NEW YORK - Global equity markets mostly rose on Thursday, propelled by Facebook's stellar earnings and the Federal Reserve's pledge to be patient in raising borrowing costs further, while U.S. bond yields fell on indications of weaker than expected inflation.
Oil prices rose for a third day, extending a rally this month as an output cut by the Organization of the Petroleum Exporting Countries, Russia and others took effect. The dollar was mixed after the Fed's policy statement on Wednesday.
MSCI's gauge of global stock performance and an emerging markets index rose, as did the Nasdaq and S&P 500 on Wall Street, propelled by a 13 percent gain by Facebook after its quarterly results topped analysts' estimates.
European shares edged lower and the Dow fell on downbeat reports by DowDuPont Inc, among others, as investors awaited news about the U.S.-China trade talks in Washington.
But broadly speaking, U.S. stocks rose.
"We have positive earnings, positive economy and a positive Fed," said Andre Bakhos, managing director at New Vines Capital LLC in Bernardsville, New Jersey, adding that trade was the missing piece of the puzzle for investors.
"It seems as if most of the fears have been taken away except for trade," Bakhos said.
The two-day talks, which began on Wednesday, are expected to be tense, with little indication so far that Beijing is willing to address core U.S. demands to budge on trade practices and fully protect American intellectual property rights.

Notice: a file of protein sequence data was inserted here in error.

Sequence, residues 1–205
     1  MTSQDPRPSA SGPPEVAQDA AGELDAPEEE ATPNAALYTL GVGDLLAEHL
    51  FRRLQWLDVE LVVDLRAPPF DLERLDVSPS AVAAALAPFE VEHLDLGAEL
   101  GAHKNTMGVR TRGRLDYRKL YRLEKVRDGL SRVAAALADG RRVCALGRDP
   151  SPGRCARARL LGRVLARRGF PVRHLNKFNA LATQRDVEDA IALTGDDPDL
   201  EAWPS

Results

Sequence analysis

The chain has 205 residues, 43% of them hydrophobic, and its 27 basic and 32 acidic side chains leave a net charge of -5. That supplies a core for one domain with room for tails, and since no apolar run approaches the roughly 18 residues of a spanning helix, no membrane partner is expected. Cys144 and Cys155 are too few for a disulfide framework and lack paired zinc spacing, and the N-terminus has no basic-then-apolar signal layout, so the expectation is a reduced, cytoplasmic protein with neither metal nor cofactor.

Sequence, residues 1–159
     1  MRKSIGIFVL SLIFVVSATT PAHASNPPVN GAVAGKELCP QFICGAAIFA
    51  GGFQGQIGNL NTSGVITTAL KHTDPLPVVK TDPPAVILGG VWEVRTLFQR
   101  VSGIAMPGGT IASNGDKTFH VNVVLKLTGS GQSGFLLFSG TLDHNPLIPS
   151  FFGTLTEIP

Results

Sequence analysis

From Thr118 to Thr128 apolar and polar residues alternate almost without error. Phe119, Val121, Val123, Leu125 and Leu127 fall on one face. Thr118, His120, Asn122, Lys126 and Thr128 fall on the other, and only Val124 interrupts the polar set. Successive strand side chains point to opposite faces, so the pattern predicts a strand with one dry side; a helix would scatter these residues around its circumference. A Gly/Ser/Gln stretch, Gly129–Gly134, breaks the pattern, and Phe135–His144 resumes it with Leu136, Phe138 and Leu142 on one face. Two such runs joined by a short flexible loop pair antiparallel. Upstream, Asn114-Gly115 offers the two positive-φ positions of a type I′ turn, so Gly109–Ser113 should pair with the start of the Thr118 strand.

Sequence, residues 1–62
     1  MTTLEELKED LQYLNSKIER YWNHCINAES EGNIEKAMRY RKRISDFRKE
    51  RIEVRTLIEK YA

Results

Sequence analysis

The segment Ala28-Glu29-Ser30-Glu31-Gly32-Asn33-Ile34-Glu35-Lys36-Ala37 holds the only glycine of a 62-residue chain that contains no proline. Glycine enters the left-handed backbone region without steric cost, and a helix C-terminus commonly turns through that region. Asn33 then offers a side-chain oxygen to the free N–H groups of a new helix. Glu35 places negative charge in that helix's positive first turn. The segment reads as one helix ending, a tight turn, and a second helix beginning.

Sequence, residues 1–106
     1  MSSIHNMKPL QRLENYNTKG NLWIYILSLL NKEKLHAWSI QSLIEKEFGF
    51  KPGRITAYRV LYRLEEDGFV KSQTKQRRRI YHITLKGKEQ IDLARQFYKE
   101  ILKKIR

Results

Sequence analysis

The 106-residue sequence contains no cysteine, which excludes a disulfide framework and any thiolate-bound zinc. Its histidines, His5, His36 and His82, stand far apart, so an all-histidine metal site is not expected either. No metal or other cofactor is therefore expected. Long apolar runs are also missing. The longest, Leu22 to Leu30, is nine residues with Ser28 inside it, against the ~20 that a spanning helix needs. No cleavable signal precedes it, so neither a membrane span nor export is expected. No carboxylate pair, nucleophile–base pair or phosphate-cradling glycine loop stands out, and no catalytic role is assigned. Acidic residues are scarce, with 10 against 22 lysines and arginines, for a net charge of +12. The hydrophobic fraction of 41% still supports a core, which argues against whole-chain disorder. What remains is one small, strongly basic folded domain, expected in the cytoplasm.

If a deal is not reached soon, Washington has threatened to more than double tariffs on Chinese goods on March 2.
E-commerce behemoth Amazon was the other big focus, with it set to report results after the closing bell.
MSCI's gauge of stocks across the globe rose 0.76 percent, on track to its best January on record, and its emerging market index gained 1.46 percent. The pan-European STOXX 600 index lost 0.20 percent and FTSEurofirst 300 slid 0.12 percent.
The dollar dropped to a two-week low versus the yen, pressured by the Fed's cautious U.S. economic outlook, and it was lower against the Canadian dollar and Mexican peso.
The dollar index rose 0.09 percent, with the euro down 0.11 percent to $1.1464.
The Japanese yen strengthened 0.21 percent versus the greenback at 108.83 per dollar.
The Employment Cost Index, the broadest measure of labor costs, rose 0.7 percent in the fourth quarter after an unrevised 0.8 percent gain the previous quarter, the Labor Department said.
The data continued a pattern of low inflation.
Two-year yields, which reflect expectations of rate hikes, fell to a nearly four-week low of 2.49 percent.
"What you've seen the last couple days with the market is the Street's reaction to recognition that cheap money is going to continue for the foreseeable future," said Brian Ward, chief executive of Trimont Real Estate Advisors in Atlanta.
The 10-year U.S. Treasury note rose 14/32 in price to push its yield down to 2.6453 percent.
U.S. West Texas Intermediate (WTI) crude futures were up 85 cents at $55.08 per barrel. Brent crude oil futures rose 49 cents to $62.14.